Advice Is Said to Drive Fund Distribution
September 20, 1999
BOSTON - The widespread demand for advice among investors is shaping mutual fund distribution, and putting financial intermediaries and other third-parties who offer advice in commanding positions, according to several speakers at a conference here last week.
That is bad news for the companies who believe they will be able to successfully sell their funds directly to investors over the Internet.
"The power is leaving the manufacturer," said Neil Bathon, president of Financial Research Corp. of Boston at the conference, "Marketing Mutual Funds to Financial Intermediaries," sponsored by International Business Communications, a conference organizer based in Southborough, Mass.
The demand for guidance has opened the door for third- party companies - such as Morningstar of Chicago and Financial Engines of Palo Alto, Calif., - which provide advice. And these companies are taking business away from direct-sales companies, according to Bathon.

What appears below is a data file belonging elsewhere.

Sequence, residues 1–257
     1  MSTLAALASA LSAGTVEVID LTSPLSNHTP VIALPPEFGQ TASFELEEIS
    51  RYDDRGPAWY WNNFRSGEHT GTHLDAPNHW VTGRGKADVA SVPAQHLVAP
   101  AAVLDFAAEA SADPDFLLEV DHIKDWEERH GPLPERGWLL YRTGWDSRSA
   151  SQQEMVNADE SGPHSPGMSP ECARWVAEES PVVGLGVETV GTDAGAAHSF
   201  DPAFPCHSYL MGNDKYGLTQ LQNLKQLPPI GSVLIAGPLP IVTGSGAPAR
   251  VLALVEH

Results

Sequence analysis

The ascent of these third-parties also gives credence to the notion that the financial intermediary is the channel of the future. Morningstar and Financial Engines are both offering online advice to 401(k) plan participants. Discount broker Charles Schwab & Co. of San Francisco is also expanding the types of services that it offers investment advisors who use its institutional brokerage. It has created a new institutional web site and is dedicating a team of institutional service representatives to advisor clients. In the past, only high-net-worth, self-directed investors were offered that service.
Because of the importance being placed on brokers and advisors, fund fee pricing will be controlled more by the salesperson who sells funds to investors than by the fund companies who create the funds, conference speakers said. Funds must be ready to offer a wide range of pricing options to satisfy intermediaries - from brokers who want to charge up-front sales charges to advisors who want to charge annual fees, speakers said.
"Pricing at the point of distribution is really what's going to happen," said Peter Moran, chief marketing officer for Turner Investment Partners of Berwyn, Pa.
Mid- and small-sized fund companies are not going to be able to distribute their funds directly much longer, Moran said. Even the largest direct-selling companies, such as Janus of Denver, Colo., are branching out into other distribution channels besides the direct one. Janus is selling to fee-based advisors through supermarkets and to broker/dealers through wrap programs, Moran said.
"I don't see the no-load channel being a long-term option," Moran said.
Moran does believe that the Internet will mostly be used to service shareholders or to as a marketing vehicle rather than as a sales channel .